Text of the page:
Archives July 17, 2018

Facebook is not alone in making everyone’s data available for whatever purpose

Most companies that trade in the sale and manipulation of personal information are private and beholden to few rules other than the bare minimum of those they establish themselves, to avoid scrutiny and be able to say “we told you so” if an angry individual ever comes calling. Even if a consumer is aware their data is being passed around, their ability to control it once it’s out there is virtually nil: if they request it be deleted from one data broker, it can simply be bought back from from one of several gigantic firms that have been storing it, too.

It is an open question what the actual effect of Cambridge Analytica’s work on the presidential election was, and what the outcome might have been without its influence (most references to its “psychographic” profiling in The New York Times’ story are appropriately skeptical). It would be hard to say without a lot more cooperation from the company and Facebook itself. But the leak by one of its researchers is an incredibly rare glimpse into a fairly routine process in an industry that is so staggeringly enormous and influential, not just in politics but in our personal, day-to-day existence, that it’s difficult to believe that it is anything but a mistake. But it isn’t, and wasn’t, a mistake. It is how things happened and are still happening every day.

The story of how the Electronic Frontiers Foundation became so EFF’d up

EFF has taken millions in funds from Google and Facebook via straight donations and controversial court payouts that many see as under-the-radar contributions. Hell, Google co-founder Sergey Brin’s foundation gave EFF at least $1.2 million.

But the reason for EFF’s silence on the Facebook surveillance and influence scandal goes deeper—into the business model of the internet itself, which from the outset has framed user privacy as being threatened by ever-imminent government censorship, as opposed to the protection of users and their data from wanton commercial intrusion and exploitation. Put simply, the lords of the internet care very little about user privacy—what they want to preserve, at the end of the day, is their own commercial license against the specter of government regulation of any kind.

All watched over by machines, Surveillance Valley

Google building military drones, Facebook watching us all, and Amazon making facial recognition software for the police, need to be understood not as aberrations. Rather, they are business as usual.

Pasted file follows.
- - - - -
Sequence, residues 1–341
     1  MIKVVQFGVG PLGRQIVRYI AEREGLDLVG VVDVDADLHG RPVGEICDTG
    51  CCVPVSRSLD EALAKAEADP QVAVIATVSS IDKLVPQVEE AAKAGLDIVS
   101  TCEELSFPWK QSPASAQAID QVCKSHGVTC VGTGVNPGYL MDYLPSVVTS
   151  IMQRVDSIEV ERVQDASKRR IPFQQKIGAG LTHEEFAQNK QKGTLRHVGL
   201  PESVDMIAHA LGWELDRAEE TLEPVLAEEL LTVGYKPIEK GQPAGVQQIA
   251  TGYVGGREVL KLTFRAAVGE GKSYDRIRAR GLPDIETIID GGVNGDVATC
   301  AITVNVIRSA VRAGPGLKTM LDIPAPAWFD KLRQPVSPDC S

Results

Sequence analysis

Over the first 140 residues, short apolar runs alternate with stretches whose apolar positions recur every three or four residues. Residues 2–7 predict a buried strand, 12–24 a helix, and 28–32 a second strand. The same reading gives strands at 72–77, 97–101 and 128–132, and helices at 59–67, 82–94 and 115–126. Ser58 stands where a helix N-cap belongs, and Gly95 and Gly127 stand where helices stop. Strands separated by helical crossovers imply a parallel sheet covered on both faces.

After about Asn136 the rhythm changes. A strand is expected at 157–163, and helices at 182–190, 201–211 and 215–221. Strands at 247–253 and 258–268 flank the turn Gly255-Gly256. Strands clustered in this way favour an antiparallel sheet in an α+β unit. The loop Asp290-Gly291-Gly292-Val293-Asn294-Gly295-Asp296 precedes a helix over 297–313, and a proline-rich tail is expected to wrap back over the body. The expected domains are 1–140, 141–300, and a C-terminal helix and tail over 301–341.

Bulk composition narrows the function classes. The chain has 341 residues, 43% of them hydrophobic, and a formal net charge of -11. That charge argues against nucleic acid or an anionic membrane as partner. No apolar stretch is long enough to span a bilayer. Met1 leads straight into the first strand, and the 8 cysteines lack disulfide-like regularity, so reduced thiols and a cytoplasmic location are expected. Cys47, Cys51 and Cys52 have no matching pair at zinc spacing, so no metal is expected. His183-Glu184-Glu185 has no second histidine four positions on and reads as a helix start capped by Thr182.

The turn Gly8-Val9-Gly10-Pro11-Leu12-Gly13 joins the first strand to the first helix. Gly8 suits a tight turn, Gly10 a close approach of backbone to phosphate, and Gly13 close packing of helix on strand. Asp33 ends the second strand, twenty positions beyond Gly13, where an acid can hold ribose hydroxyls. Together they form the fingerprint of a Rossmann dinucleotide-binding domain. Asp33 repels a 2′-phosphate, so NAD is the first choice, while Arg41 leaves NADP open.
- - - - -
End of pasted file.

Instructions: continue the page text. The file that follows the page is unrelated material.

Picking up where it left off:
Much of the early history of computers, is rooted in systems developed to meet military and intelligence needs during WWII – but the Cold War provided plenty of impetus for further military reliance on increasingly complex computing systems. And as fears of nuclear war took hold, computer systems (such as SAGE) were developed to surveil the nation and provide military officials with a steady flow of information. Along with the advancements in computing came the dispersion of cybernetic thinking which treated humans as information processing machines, not unlike computers, and helped advance a worldview wherein, given enough data, computers could make sense of the world.

Survival of the Richest

Taking their cue from Elon Musk colonizing Mars, Peter Thiel reversing the aging process, or Sam Altman and Ray Kurzweil uploading their minds into supercomputers, they were preparing for a digital future that had a whole lot less to do with making the world a better place than it did with transcending the human condition altogether and insulating themselves from a very real and present danger of climate change, rising sea levels, mass migrations, global pandemics, nativist panic, and resource depletion. For them, the future of technology is really about just one thing: escape…

Digital ads are starting to feel psychic

It seems like everyone these days has had a paranoiac moment where a website advertises something to you that you recently purchased or was gifted without a digital trail. According to a new website called New Organs, which collects first-hand accounts of these moments, “the feeling of being listened to is among the most common experiences, along with seeing the same ads on different websites, and being tracked via geo-location,” reports The Outline. The website was created by Tega Brain and Sam Lavigne, two Brooklyn-based artists whose work explores the intersections of technology and society…